Here’s a long and sometimes rambling note to myself. TL; DR would be “What benefits a man if he gains the world but loses his soul? But also, don’t let assholes win.”
It is also an obituary of sorts, for my involvement with a family I realize I’m actually not a part of in any meaningful way. One of my last exchanges with an older cousin of mine was at my dad’s funeral/memorial party. He was never a deep or thoughtful person, but always determined. Sort of a Fortinbras, in the Hamlet sense: move forward, gain ground, don’t waste time with too much “what if?” It’s a good strategy, in a lot of ways. But not all ways.
I loved my cousin. When I was a kid, he and his brother treated me as a mascot, in the 3 or 4 times a year I’d see them. I was a precocious, tough kid, and had an encyclopedic knowledge of boxers when I was 6 or 7, so that was enough of a gimmick for them. I was a Hagler fan, he was for Duran.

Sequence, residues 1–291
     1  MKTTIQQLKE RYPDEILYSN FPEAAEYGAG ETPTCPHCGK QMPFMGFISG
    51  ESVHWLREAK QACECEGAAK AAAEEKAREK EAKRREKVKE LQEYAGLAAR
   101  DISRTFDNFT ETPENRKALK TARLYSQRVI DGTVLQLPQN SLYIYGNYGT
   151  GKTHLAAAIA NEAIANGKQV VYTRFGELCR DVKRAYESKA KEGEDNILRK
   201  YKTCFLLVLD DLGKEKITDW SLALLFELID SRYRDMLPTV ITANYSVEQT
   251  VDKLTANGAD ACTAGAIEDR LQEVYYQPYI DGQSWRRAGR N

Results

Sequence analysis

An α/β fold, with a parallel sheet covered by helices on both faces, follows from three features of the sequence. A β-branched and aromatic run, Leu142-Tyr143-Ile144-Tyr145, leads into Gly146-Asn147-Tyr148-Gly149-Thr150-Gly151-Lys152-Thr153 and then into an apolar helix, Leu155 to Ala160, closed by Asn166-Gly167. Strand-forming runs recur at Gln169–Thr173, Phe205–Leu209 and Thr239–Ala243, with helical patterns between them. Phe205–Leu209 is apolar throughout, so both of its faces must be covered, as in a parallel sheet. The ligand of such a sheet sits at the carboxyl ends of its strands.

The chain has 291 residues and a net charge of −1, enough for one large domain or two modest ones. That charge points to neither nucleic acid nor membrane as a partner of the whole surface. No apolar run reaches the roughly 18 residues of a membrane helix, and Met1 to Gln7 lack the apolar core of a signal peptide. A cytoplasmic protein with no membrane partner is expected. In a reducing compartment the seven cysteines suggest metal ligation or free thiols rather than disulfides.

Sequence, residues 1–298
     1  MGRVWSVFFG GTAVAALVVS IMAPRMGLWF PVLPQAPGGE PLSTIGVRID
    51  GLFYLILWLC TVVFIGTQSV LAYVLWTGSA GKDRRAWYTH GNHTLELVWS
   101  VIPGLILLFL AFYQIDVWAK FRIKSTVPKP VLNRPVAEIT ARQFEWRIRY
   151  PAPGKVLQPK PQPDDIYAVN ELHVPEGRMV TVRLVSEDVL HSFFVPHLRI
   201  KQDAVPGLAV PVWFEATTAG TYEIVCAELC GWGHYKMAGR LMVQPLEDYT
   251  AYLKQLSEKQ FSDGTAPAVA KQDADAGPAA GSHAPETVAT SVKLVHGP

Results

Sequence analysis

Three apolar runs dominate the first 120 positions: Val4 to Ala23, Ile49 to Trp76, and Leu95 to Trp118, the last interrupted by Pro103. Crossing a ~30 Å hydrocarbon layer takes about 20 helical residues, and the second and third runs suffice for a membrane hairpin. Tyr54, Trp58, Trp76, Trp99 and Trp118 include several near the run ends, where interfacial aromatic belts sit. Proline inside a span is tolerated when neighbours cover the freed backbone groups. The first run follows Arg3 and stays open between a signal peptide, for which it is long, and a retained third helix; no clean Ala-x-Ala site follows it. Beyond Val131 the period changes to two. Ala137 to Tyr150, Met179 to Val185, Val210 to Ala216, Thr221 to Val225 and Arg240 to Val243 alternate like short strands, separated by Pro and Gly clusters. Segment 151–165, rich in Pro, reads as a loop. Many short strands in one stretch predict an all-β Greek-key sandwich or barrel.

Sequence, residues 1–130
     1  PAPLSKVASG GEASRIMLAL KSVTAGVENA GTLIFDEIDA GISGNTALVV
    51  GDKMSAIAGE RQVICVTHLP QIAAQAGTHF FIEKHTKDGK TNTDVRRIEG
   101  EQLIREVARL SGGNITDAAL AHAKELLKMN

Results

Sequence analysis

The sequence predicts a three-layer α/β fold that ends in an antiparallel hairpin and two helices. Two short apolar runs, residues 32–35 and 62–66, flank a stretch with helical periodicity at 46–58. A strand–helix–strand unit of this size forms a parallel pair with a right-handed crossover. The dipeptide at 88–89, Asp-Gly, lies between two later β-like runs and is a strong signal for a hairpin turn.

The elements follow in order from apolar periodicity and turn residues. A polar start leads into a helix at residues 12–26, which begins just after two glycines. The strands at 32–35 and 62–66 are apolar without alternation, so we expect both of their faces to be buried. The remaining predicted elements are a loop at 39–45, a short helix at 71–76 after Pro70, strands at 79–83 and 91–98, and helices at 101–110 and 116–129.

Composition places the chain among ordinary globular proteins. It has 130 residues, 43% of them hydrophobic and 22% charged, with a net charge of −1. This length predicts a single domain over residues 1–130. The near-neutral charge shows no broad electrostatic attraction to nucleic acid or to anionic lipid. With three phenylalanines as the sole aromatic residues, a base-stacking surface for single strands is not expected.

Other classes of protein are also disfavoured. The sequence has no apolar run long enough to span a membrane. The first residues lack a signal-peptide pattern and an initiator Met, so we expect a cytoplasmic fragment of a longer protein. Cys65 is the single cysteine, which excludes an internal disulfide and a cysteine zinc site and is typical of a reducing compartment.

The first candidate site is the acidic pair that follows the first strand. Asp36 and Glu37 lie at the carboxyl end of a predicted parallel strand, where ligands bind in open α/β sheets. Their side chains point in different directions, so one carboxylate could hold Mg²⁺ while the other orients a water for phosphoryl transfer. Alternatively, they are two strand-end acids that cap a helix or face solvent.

Anyway, all the funny and loving, interesting and heartfelt testimonials to my dad put him in an unusually contemplative mood, such as it was for him. Here we were, now at the end of a life story which had a beginning and middle, and in the summarizing of the arc of it all, it moved even him to deeper waters of considering life and “what it all means.” He was largely a stranger to such contemplative moods. This served him well in his career and life– He decided upon goals and then met them. He had and has a very lucrative and admirable career in a very respected field. But when he attempted deep or meaningful thoughts, it was always awkward and embarrassing, but in a very specific way. His confidence was always such that he assumed his attempts at depth, rare though they were, were that much more precious and valuable for it, and that when he deigned to wax philosophical, it yielded wisdom and gravitas. But what emerged was always somewhere between farce and tragedy. Think Little Carmine Lupertazzi from THE SOPRANOS.